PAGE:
Crisis and the Medium Term
Our sociological concepts, however, bear the mark of the time in which they are forged, and the networks of meaning to which they are linked. For instance, DuBois used the term crisis to characterize a historical watershed: to him, after the failure of Reconstruction, the choice was between “catholicity and tolerance, reason and forbearance” versus “bigotry and prejudice, emphasized race consciousness and force.” Invoking crisis meant preparing the grounds for renewed understanding and social mobilization around progressive causes. This intervention confirms one perspective on crisis: calling a state of affairs as a state of crisis means engaging in a kind of moral work, intended to uncover (and transform, or at least act upon) epochal forces through critique. But, thanks to Janet Roitman’s thought-provoking critique of the notion of crisis itself—based on a careful re-reading of Kosellek’s work—we now know that, in spite of the seemingly obvious affinity between crisis and critique, such moral work can also serve, paradoxically, to reaffirm the status quo, under the guise of a normality to which we want to return once we overcome the crisis we denounce (Roitman 2013). And, as organizational scholars Marshall Meyer and Lynne Zucker demonstrated in a very different context, a state of crisis can become institutionalized, giving rise to organizations that “permanently fail” in meeting their goals and yet survive because of the loyalties and attachments they generate (Meyer and Zucker 1989).
A crisis is often associated with urgency: something needs to be done now to avoid total collapse. It is not a matter of decades, it is a matter of minutes, if not seconds. Weick’s discussion of the 1949 Mann Gulch fire disaster seems, to me, one of the most interesting exemplars of this genre (Weick 1993): he shows the collapse of role structures and sensemaking in a small “smoke-jumping” crew who gets fatally overwhelmed by a wildfire in Montana—a process that begins once the crew foreman notices how far the fire had already jumped and orders the crewmembers to drop their tools and help him light a fire to then shelter in the burned area. These commands, argues Weick, were fundamentally incomprehensible to the crew—their identity could not be suddenly separated from the tools they had, and the idea to start a fire in the middle of an existing one simply seemed nonsensical; as a result, the world stopped making sense to them.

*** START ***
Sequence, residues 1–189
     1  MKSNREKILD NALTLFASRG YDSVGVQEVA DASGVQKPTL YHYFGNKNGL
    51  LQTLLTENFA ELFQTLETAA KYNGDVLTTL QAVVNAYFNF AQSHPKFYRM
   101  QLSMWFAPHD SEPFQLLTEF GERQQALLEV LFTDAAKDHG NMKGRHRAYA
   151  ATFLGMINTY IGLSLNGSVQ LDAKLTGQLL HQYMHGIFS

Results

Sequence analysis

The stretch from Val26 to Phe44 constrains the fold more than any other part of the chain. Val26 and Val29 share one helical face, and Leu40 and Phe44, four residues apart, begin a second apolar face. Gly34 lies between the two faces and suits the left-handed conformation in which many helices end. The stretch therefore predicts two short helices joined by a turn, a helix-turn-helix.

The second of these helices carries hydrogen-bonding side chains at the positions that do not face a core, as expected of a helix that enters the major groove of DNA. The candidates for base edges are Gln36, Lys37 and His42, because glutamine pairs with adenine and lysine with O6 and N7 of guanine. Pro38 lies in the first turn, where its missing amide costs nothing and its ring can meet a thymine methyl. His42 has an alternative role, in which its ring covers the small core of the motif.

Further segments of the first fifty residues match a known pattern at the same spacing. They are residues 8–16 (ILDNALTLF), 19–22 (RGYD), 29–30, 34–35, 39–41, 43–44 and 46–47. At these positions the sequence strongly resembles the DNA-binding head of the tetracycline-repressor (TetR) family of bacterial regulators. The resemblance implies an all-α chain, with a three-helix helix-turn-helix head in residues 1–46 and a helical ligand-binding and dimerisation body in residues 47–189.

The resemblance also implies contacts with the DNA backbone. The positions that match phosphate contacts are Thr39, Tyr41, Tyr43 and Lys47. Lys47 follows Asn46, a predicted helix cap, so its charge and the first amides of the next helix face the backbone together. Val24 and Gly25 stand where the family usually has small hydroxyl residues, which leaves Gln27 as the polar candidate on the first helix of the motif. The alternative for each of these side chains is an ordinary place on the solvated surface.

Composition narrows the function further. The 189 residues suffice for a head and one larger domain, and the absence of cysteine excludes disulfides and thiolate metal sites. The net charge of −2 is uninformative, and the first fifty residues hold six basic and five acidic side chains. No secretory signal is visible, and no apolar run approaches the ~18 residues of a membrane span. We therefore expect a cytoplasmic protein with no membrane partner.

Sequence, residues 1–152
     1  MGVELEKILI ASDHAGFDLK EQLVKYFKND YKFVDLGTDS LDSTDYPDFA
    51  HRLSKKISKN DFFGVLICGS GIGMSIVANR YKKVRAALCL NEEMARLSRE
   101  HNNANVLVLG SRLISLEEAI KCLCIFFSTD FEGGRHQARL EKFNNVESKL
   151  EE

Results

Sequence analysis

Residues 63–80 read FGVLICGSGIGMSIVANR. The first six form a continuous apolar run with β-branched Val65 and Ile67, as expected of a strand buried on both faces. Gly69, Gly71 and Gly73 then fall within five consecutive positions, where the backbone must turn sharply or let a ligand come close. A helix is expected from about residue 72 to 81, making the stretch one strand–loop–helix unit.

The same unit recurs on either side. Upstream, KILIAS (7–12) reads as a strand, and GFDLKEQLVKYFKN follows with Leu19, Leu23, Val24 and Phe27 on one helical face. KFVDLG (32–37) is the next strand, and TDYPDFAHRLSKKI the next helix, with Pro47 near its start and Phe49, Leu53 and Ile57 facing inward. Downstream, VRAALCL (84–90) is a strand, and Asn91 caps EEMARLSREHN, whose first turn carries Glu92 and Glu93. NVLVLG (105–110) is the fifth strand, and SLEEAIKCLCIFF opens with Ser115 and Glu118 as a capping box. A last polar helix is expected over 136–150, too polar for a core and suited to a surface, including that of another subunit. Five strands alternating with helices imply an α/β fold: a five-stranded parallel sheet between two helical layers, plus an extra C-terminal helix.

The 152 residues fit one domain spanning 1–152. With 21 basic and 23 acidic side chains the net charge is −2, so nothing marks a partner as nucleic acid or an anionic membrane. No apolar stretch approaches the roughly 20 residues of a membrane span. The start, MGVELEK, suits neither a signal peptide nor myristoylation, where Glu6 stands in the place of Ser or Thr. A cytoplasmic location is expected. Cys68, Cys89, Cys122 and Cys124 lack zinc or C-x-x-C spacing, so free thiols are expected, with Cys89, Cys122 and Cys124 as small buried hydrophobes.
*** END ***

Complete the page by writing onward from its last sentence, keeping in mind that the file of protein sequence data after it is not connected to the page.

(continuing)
This is all to say, we have the elements of a theory of crisis: reflexive (describing some aspect of the world as in crisis is a form of moral work, and it is therefore not neutral), attentive to scale, and attentive to temporal variation. And yet, important work remains to be done, it seems to me, especially with respect to time, to fill in that gap between the sudden, urgent, and undelayable; and the long-term, slow-moving, totalistic, and seemingly inexorable. That gap is the middle range, or the “medium term.” But is the medium term simply a time between the immediate and the long-term? When we talk about the medium term, are we just referring to a residual category, or is it a temporal category that needs to be theorized in its own terms? It may be a bit too early to theorize about the aspect of the ongoing pandemic, but the medium term strikes me as the most tragic point of failure in the global response to the crisis. The medium term is the time between the lockdown and the vaccine—or perhaps, it is the terrifying two weeks between the uptick in infections and the rise in deaths. I suspect that what makes the medium term so important but also so neglected is that it is the time when planning takes shape and the implementation of a plan has its results—and planning, in Western market societies at least, remains a politically weak proposition. The medium term is the gap between the reaction to a perceived emergency (the conjuncture), and the ideological construction of a shared future—a realm of pragmatic interventions that take time before they take full effect.